The best writing of all comes from personal experience: “write what you know” is advice I’ve heard way more than once. But sometimes you have to admit you don’t know everything. You may know how your character would react to a break up…but not necessarily the way ancient Romans would express heartbreak. Or, you might want to set your story in Dickensian London…but don’t know the vernacular of the time. Sometimes, you just need to research something. And writers today are lucky; at the tip of our fingertips you can research just about any topic out there. You name it; you can find something about it on the internet, and lots more things you never even thought to think about.
When writing my YA novel, The Rose of Coracus, I’ve done my fair share of research online. Although my novel takes place in a fantastic quasi-medieval kingdom, I want some elements to be relatively historically accurate. Or, at the very least, I need the right vocabulary to describe types of dress, medieval warfare or architecture. I spent one afternoon looking up medieval castle floor plans…you’d really be surprised what’s on the web!
Sometimes, though, research takes you a bit further than a simple Google search. I’ve made more than one boyfriend jump when they see “babynames.com” in my research search history. Calm down guys, I’m just researching character names! (Side note: I really do love character names that have an additional meaning or ones that help further detail the setting/culture of the novel. For example, I named all the characters of a particular ethnic group linguistically similarly: female names end in –a or –i, and often come from Eastern European or Balkan backgrounds. Details count, even ones that your readers might not be consciously aware of!).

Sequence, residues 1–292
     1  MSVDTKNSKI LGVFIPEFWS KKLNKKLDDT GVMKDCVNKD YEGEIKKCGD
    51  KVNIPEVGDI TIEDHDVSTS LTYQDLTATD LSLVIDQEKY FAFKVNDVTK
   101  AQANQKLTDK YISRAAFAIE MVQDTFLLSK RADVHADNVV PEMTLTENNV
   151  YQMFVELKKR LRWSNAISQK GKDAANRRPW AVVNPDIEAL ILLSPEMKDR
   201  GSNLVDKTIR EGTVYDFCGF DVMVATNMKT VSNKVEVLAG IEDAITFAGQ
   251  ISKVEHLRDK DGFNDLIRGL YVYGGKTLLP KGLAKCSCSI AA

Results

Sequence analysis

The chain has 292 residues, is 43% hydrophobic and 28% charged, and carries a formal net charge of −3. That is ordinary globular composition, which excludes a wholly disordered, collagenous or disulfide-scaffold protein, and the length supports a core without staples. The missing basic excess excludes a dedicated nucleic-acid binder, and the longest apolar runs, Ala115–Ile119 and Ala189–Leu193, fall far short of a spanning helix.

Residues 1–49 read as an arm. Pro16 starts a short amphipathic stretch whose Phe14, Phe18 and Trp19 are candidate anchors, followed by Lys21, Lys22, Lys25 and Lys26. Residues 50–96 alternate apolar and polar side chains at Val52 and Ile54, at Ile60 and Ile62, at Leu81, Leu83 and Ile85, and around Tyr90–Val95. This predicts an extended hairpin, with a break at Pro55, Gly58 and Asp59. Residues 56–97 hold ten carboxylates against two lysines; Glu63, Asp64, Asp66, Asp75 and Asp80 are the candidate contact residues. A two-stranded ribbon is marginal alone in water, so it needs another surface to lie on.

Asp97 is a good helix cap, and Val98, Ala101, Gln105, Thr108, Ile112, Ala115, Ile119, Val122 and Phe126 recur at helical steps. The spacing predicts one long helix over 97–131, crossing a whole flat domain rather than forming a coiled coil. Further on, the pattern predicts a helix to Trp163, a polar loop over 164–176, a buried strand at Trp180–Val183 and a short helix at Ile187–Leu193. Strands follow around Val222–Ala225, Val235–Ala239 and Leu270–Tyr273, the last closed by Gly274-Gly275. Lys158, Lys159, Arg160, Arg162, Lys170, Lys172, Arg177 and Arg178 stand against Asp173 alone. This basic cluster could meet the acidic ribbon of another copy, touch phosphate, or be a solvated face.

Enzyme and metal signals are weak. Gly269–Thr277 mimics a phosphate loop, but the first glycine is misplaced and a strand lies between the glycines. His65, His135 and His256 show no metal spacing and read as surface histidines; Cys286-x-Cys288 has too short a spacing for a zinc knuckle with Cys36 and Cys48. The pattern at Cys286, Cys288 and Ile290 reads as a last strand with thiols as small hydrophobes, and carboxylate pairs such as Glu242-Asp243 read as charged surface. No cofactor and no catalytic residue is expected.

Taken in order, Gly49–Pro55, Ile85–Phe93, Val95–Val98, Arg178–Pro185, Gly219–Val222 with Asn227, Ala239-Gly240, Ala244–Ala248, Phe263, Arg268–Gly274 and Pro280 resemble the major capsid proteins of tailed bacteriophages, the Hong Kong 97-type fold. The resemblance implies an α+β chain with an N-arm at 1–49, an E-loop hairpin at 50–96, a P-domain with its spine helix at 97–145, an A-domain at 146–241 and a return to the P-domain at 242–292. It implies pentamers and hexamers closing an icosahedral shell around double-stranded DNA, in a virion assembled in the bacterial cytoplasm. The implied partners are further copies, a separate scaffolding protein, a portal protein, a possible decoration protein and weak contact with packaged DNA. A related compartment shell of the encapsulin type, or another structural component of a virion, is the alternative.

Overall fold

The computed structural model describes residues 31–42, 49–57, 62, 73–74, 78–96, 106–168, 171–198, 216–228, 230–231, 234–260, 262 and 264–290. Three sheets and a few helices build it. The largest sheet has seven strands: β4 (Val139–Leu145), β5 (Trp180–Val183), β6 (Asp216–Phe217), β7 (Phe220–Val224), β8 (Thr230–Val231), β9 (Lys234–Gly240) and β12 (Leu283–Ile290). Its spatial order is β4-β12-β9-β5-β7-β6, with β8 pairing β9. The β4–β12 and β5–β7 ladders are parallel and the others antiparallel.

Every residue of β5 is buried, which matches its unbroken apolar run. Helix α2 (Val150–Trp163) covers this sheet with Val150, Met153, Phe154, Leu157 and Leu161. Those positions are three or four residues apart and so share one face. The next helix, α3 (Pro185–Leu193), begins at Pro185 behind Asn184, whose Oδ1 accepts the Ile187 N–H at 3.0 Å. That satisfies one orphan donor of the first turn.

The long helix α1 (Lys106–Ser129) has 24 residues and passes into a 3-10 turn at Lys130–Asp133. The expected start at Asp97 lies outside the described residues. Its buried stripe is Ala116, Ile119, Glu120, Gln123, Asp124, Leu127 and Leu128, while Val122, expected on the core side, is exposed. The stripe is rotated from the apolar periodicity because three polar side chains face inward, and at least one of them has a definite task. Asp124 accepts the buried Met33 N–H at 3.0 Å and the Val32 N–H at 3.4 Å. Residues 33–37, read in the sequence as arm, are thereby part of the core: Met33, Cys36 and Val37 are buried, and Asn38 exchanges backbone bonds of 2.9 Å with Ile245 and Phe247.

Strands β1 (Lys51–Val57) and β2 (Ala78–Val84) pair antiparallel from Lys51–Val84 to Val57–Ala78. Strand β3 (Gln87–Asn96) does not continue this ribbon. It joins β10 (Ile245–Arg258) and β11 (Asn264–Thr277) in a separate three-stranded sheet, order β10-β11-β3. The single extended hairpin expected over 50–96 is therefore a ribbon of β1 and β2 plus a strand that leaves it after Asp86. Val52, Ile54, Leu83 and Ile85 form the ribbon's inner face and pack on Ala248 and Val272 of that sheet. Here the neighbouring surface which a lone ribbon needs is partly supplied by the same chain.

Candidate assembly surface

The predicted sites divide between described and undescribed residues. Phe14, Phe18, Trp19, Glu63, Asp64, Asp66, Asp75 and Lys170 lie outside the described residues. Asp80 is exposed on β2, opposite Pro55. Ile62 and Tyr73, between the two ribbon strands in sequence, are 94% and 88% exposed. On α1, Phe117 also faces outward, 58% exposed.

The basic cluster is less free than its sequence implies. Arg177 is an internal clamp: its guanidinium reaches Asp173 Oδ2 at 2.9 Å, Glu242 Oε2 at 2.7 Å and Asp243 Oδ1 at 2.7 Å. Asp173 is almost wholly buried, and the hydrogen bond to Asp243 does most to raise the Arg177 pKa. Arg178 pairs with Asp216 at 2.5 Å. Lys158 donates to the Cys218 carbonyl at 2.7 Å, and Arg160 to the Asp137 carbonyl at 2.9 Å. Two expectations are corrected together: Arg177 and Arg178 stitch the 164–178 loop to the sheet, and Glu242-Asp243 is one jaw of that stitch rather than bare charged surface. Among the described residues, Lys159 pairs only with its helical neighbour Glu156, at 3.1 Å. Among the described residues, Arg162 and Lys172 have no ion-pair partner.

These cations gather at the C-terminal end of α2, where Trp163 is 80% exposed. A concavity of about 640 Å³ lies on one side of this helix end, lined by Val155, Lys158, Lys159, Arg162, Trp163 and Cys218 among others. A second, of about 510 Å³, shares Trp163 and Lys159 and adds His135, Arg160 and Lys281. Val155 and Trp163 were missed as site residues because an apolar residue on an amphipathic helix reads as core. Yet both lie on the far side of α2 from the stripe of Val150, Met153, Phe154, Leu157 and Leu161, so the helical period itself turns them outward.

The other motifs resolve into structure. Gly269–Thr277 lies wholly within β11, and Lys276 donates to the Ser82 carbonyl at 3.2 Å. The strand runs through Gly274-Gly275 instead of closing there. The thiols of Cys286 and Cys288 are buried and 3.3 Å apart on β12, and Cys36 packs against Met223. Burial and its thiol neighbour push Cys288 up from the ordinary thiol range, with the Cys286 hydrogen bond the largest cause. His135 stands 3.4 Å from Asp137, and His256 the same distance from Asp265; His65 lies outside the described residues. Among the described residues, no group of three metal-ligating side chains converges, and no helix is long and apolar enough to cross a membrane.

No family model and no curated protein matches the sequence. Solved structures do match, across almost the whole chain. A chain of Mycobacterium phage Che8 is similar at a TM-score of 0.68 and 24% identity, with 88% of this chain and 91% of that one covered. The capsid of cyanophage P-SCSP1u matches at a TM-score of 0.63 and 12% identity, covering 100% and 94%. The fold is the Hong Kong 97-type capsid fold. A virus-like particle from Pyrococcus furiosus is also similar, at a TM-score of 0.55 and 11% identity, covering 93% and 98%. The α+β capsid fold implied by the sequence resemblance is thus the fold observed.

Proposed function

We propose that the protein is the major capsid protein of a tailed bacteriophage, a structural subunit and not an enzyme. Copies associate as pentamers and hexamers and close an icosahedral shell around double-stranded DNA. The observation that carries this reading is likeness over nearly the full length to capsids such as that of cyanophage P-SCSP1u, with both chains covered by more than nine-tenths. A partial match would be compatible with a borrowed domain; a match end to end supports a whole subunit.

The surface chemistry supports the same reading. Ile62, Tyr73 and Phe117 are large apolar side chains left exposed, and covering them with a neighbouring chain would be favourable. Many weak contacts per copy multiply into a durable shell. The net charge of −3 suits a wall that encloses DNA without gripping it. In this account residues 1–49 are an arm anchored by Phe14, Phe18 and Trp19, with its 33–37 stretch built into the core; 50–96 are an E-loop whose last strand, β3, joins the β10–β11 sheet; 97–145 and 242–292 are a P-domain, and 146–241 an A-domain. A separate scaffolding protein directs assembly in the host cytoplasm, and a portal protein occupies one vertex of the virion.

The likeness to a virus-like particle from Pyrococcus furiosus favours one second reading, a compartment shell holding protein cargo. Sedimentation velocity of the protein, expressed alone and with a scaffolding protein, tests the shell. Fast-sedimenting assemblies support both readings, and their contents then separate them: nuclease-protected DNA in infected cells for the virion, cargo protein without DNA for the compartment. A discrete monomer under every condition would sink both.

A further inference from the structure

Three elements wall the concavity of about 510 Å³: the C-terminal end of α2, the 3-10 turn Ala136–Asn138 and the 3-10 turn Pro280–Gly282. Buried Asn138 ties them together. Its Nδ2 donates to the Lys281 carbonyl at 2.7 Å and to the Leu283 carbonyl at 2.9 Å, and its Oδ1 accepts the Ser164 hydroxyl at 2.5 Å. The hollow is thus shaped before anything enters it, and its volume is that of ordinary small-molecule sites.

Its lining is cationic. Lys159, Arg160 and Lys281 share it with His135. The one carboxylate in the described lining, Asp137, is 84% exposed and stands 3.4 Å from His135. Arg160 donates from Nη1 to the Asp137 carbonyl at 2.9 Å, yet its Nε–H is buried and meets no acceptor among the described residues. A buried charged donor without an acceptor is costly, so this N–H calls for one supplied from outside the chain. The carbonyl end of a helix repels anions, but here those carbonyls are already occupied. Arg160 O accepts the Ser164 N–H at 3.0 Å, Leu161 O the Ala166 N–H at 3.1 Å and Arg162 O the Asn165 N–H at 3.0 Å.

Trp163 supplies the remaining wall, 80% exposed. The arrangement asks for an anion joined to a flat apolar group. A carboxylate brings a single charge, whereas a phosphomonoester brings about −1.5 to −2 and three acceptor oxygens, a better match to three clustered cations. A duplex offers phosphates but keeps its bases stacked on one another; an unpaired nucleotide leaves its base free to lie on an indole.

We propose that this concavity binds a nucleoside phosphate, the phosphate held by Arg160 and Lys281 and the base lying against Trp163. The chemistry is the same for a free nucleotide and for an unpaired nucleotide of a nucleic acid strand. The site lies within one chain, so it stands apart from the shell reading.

This past weekend, though, my research reached a new high…or low…depending on how you want to look at it. I attended the Medieval Festival at Fort Tryon Park. Now, I’ll admit, my not-quite-entirely-inner nerd has always wanted to attend a Renaissance Faire, just to see what it’s like. But when I realized that this past weekend’s event would actually be beneficial to my manuscript, I had to attend. I was most keen on seeing medieval combat in action; it’s pretty darn hard to describe action realistically and dramatically if you don’t even know what it’s supposed to look like in the first place! The highlights were that some people were dressed in what I imagine to be realistic costumes, I heard unique music (with instruments I’ve never seen before and might now include in my manuscript), and saw medieval blacksmithing techniques (key because that’s the trade of my main character’s father). Overall, the Medieval Festival was interesting, although geared more towards kids than I would have liked, not all that authentic (there was a Quiddich match…cool, but probably didn’t exist in medieval times) and I missed the jousting…but I did see a real live unicorn! All in all, it was a cool experience on a beautiful fall day that at least got me thinking in the realm of medieval-ness.
The next book I write, though, I think I’m going to set in an ancient Scottish castle or Prague or an exotic Polynesian island. Cause a research trip couldn’t hurt. ;-)